In 1870, a full 50 years before the 19th amendment gave women the right to vote in the United States, Louisa Swain cast a historic ballot for the general election in Laramie, Wyoming. She was voting thanks to a law passed the year before in the Territory of Wyoming, giving women over the age of 21 the right to vote and to hold public office.
“Voters had to be a citizen or swear an oath that they were seeking citizenship,” says Kim Viner, a docent at the Laramie Plains Museum, which meant that the right did not extend to Native Americans and Chinese immigrants, who were excluded from citizenship at the time. Black women, officially, were able to vote under the law, but it’s unknown if any did. “In Laramie there were only three black women in a population of just under 800,” Viner says. “The Laramie [news]paper did note that 93 women voted in 1870 but did not mention any names other than Louisa Swain.”
As such, Swain became the first woman to legally vote at the same level as a man in the United States. The territories of Utah (1870), Washington (1883) and Montana (1887) would follow, and, in 1890, when Wyoming was admitted to the Union, its state constitution granted women voting rights. In 1893, Colorado became the first state to pass women’s suffrage into law through a referendum.
The whole act in Wyoming wasn’t necessarily motivated by women’s rights, though. Viner says one of the main reasons Wyoming territorial legislator William Bright introduced the bill was because he opposed giving black men the right to vote. Bright thought if they could vote, his wife should be able to as well. It was passed under similar specious intentions: there were those who wanted to increase the population of the territory enough to allow for statehood and to bring in more women so men would have someone to marry, and Democrats who wanted the Republican governor to veto the bill and thereby put him and his party in a bad light. Luckily, some of the officials actually thought it was the right thing to do, too.
We may never actually know, though, the real motivations behind women winning the vote. “No records were kept of the debate between Wyoming territorial lawmakers, although individuals likely asserted a myriad of motivations and intentions in supporting women’s suffrage,” says Wyoming Senator Affie Ellis. She also notes that the Native Americans in the region probably had an influence on the suffrage law. “Several tribes were (and are) matriarchal societies where women held the primary power positions in political leadership, moral authority, social privilege and control of property,” she says. “Navajos, for example, trace descent through the mother. There is no doubt in my mind that matriarchal Indian Nations influenced suffrage to some degree.”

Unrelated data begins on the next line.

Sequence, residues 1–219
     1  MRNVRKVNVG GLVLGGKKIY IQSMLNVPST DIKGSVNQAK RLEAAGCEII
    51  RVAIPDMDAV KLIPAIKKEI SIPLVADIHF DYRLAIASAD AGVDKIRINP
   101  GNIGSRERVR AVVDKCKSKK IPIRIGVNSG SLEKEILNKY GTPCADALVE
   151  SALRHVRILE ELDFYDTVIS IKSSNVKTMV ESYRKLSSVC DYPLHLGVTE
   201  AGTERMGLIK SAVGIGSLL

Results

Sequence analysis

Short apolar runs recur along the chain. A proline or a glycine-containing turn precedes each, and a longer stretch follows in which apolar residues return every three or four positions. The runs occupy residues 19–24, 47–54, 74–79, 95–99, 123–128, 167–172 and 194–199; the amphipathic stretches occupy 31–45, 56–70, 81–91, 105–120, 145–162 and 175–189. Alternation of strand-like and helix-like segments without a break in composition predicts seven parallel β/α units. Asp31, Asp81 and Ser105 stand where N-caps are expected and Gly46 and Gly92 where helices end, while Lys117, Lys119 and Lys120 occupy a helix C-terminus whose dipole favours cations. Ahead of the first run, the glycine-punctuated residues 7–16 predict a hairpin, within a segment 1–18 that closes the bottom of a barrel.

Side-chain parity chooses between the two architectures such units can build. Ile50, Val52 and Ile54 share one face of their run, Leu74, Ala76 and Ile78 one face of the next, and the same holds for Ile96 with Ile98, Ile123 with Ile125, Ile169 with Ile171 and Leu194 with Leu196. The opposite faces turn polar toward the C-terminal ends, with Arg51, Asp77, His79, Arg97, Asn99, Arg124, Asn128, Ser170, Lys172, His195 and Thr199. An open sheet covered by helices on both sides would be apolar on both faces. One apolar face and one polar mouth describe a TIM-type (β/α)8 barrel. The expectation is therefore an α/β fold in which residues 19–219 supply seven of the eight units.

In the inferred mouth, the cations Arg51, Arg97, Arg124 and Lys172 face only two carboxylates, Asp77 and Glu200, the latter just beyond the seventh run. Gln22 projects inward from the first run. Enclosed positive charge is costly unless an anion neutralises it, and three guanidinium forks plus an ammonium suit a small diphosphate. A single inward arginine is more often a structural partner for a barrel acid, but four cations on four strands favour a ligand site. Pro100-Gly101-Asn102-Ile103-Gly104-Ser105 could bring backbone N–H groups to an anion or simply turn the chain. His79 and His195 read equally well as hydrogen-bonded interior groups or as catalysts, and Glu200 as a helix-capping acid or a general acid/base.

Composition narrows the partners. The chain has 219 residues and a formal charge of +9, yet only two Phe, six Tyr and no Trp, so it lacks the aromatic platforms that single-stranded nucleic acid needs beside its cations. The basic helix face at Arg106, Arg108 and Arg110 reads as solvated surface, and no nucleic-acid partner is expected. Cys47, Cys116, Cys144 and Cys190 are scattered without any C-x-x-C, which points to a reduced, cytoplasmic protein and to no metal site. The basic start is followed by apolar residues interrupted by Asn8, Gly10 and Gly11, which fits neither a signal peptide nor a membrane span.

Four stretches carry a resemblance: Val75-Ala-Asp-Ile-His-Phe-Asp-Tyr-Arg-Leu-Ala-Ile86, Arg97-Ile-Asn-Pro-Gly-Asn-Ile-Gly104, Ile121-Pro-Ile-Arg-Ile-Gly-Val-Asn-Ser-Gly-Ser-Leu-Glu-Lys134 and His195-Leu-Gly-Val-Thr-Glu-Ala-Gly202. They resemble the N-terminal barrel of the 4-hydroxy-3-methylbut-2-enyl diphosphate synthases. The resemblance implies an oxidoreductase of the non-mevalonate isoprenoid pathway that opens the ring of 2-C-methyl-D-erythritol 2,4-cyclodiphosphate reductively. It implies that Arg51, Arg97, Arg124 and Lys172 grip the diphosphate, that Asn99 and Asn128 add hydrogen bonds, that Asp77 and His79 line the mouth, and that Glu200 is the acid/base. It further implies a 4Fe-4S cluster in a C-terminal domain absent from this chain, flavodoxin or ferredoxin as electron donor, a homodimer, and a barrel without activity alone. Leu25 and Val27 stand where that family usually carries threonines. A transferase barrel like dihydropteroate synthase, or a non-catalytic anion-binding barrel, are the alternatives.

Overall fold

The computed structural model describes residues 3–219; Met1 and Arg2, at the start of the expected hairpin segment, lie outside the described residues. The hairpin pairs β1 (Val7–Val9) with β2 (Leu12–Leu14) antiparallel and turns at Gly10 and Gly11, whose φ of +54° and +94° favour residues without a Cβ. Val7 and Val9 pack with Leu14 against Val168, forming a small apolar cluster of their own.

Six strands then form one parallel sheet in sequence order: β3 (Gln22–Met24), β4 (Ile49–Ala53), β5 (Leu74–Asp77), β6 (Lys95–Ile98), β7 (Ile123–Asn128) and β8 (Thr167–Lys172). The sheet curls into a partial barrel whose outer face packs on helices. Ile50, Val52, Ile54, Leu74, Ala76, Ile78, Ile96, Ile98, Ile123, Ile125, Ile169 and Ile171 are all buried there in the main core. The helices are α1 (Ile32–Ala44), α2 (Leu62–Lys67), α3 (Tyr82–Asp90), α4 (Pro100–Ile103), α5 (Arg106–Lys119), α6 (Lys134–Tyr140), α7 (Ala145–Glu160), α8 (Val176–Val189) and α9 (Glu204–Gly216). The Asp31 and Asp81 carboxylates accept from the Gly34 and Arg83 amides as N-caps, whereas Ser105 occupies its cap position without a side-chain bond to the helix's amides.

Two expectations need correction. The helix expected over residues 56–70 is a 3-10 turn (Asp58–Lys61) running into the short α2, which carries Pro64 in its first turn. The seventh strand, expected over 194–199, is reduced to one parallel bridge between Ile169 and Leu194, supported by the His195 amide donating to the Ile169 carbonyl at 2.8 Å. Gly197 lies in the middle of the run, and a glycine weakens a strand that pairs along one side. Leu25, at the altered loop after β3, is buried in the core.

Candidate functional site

Regardless, Wyoming has long placed great importance on women’s rights. Among other major breakthroughs such as voting rights, the state was the first to allow women to own property and sign legal documents. In 1870, Esther Hobart Morris became the first female justice of the peace, serving in South Pass City, Wyoming. That year in Wyoming also saw the country’s first all-female jury, and the first woman bailiff in the world, Martha Symon Boies. Later, in 1894, Estelle Reel Meyer became Superintendent of Public Instruction, the country’s first female statewide elected official. From 1920 to 1921, Jackson, Wyoming, was the first town in the U.S. governed completely by women. And from 1925 to 1927, following her husband’s death, Nellie Tayloe Ross served as the country’s first woman governor. She set another record in 1933 when she became the first female head of the U.S. Mint, a role she held for 20 years. In 1889, Wyoming vied for statehood—and refused to join the union if the laws giving equality to women were not upheld, telling Congress (which wanted the suffrage law rescinded) via telegram, “We will remain out of the Union 100 years rather than come in without the women.”
To celebrate 150 years of women’s suffrage in Wyoming, and the many great women of the state’s past, present and future, a slate of events and retreats is planned throughout the year and into 2020.
Reopening of the Wyoming Capitol